DUBLIN — Food poverty in Ireland is slowly becoming a major issue with 600,000 people being affected. Food poverty is defined as the inability to afford or access healthy food, usually impacting those with low-incomes. Currently, one in five Irish children go to bed and to school hungry.
Nearly one in seven people in Ireland are in poverty, 211,000 of whom are children. Recently, children and single parent families are the ones who have been affected most by hunger. The number of Irish children living in poverty has risen from 10 percent in 2012 to 12 percent in 2015.
“It should be a national scandal that well over a third of children are experiencing deprivation,” said Fergus Finlay, CEO of Barnardo’s, the UK’s leading children’s charity.
“Too many children are living without access to basic necessities through no fault of their own or their parents. They are going without warm winter clothing, living in substandard housing and even going hungry,” Finlay continued.
Children who are undernourished are doing poorly in schools and rely on the school systems for food. The Behaviour & Attitudes’ online panel Acumen surveyed 408 teachers, with 41 percent saying that the number of children going to school hungry has increased, and 70 percent of teachers saying that hunger in the classroom is not being handled properly.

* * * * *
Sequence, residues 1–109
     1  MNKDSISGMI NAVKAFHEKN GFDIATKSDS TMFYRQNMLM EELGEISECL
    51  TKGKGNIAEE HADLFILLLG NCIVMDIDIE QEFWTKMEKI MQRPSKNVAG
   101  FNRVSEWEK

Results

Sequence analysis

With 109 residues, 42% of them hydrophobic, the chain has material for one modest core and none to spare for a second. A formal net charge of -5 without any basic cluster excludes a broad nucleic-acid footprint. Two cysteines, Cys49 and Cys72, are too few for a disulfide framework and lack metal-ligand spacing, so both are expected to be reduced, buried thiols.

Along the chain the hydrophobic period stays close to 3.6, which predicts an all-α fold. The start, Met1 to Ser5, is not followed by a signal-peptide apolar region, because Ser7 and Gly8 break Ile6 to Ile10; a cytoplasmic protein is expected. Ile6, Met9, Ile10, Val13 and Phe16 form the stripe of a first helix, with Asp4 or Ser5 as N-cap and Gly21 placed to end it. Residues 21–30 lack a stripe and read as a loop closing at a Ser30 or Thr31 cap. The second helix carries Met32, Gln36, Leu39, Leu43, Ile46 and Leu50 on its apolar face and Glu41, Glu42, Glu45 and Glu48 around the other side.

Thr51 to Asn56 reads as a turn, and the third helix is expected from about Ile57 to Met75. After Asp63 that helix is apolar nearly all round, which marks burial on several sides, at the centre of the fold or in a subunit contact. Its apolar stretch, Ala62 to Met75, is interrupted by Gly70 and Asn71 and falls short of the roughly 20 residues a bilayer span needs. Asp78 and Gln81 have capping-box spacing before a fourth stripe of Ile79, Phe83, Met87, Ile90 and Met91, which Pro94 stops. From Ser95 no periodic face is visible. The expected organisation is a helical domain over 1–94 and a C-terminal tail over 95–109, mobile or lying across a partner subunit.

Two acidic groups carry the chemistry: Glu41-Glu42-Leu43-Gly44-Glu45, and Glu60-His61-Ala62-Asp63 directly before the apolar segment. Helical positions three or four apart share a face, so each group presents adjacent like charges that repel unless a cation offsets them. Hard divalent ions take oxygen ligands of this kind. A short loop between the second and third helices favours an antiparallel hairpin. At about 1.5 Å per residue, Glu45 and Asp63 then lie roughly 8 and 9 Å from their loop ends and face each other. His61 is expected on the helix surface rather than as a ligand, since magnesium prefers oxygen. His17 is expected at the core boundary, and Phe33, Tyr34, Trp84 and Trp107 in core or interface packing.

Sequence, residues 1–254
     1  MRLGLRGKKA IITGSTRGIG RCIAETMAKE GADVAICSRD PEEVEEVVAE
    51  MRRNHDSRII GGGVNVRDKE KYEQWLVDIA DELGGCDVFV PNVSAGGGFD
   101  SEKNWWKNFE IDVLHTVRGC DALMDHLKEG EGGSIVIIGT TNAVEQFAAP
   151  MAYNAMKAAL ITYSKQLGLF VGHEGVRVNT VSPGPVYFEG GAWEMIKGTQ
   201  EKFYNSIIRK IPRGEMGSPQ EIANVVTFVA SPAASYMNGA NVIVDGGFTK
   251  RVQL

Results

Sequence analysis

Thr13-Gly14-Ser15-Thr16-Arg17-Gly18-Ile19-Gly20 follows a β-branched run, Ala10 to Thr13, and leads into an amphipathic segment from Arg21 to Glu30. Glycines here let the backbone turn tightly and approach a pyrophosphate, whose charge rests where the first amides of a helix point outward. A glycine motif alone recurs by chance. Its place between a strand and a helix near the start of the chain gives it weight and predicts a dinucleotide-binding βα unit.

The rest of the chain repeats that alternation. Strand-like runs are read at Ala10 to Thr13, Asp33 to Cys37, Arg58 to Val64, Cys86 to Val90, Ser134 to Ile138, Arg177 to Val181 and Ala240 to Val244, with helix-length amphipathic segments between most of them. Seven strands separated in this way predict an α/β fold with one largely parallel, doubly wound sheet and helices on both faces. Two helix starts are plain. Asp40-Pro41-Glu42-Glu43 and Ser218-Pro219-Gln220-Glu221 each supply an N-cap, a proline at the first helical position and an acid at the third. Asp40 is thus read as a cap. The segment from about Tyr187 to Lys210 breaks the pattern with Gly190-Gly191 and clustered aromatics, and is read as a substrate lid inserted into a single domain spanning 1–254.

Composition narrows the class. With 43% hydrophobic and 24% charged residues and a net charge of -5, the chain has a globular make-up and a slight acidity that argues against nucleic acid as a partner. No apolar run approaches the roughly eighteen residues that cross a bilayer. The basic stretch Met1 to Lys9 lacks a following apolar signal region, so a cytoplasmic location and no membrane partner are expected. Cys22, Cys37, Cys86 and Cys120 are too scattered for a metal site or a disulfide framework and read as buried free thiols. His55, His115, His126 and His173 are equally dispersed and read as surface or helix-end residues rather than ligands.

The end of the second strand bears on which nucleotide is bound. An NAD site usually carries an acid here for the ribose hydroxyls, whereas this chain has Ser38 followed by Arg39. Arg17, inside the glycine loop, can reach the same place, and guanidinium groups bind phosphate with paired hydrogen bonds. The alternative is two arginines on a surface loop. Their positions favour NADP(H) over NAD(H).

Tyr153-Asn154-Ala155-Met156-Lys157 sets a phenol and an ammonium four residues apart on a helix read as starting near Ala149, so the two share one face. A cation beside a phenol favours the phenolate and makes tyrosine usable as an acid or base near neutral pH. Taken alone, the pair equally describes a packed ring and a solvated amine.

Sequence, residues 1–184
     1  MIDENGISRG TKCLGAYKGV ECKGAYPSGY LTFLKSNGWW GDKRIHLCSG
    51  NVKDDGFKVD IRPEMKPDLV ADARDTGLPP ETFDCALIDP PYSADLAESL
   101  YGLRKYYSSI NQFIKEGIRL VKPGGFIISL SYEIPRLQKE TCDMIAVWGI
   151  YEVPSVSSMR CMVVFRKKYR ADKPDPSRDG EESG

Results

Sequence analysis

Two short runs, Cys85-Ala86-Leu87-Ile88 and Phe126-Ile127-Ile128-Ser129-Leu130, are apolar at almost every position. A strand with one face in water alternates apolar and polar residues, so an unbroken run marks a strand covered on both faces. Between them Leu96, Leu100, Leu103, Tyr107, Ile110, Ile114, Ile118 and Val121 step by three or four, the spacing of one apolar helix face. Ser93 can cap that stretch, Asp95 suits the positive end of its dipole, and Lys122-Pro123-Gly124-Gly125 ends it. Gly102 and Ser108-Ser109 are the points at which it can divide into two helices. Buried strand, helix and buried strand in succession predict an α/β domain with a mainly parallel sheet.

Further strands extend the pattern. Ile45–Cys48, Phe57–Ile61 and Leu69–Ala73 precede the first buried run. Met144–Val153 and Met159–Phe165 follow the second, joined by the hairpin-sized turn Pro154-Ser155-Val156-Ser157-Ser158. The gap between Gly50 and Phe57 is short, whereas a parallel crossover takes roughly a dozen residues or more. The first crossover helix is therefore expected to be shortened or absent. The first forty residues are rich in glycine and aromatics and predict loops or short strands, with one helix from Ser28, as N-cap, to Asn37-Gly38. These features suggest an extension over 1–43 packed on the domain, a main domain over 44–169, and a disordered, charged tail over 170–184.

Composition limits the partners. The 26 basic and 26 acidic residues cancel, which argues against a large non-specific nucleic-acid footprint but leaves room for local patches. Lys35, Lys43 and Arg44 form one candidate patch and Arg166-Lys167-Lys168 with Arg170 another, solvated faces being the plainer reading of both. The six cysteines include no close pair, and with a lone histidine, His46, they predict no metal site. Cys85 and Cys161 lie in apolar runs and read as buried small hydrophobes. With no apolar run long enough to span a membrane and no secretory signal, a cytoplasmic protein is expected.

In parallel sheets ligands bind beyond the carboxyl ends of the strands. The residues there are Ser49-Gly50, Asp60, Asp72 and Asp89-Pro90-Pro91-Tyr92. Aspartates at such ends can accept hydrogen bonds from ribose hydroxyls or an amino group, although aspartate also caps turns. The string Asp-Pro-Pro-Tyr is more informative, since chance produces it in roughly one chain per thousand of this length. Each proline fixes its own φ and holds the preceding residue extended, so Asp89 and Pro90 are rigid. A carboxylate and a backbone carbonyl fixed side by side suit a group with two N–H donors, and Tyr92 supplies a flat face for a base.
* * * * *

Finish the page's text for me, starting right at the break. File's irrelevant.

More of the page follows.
More than 500 breakfast clubs are operating in schools and other community settings that give students breakfast for children and teachers have noticed a real change in the students. Children’s attendance, punctuality, energy levels and participation greatly improved since the programs began. This also proved to be a social outlet for students – they were more responsive to talking about personal issues over breakfast than in class, giving teachers more opportunities to help their students.
Ireland has some of the highest food costs in Europe, and because of the high costs, people tend to use food as a non-essential item while paying bills. Most people in Ireland didn’t learn how to cook at school, and many lack skills and confidence to eat a healthy meal. Parents on a strict budget may be unable to feed their children healthy food.
To help ease the pain of food poverty in Ireland, the nation can increase child benefits, support lone parents better, invest in universal services, invest in children’s education and continue to support the breakfast clubs and promote them. There is no evidence to suggest that the conditions nationally are improving, and the situation in Ireland has to become a national priority in order to break the food poverty cycle.
– Mary Waller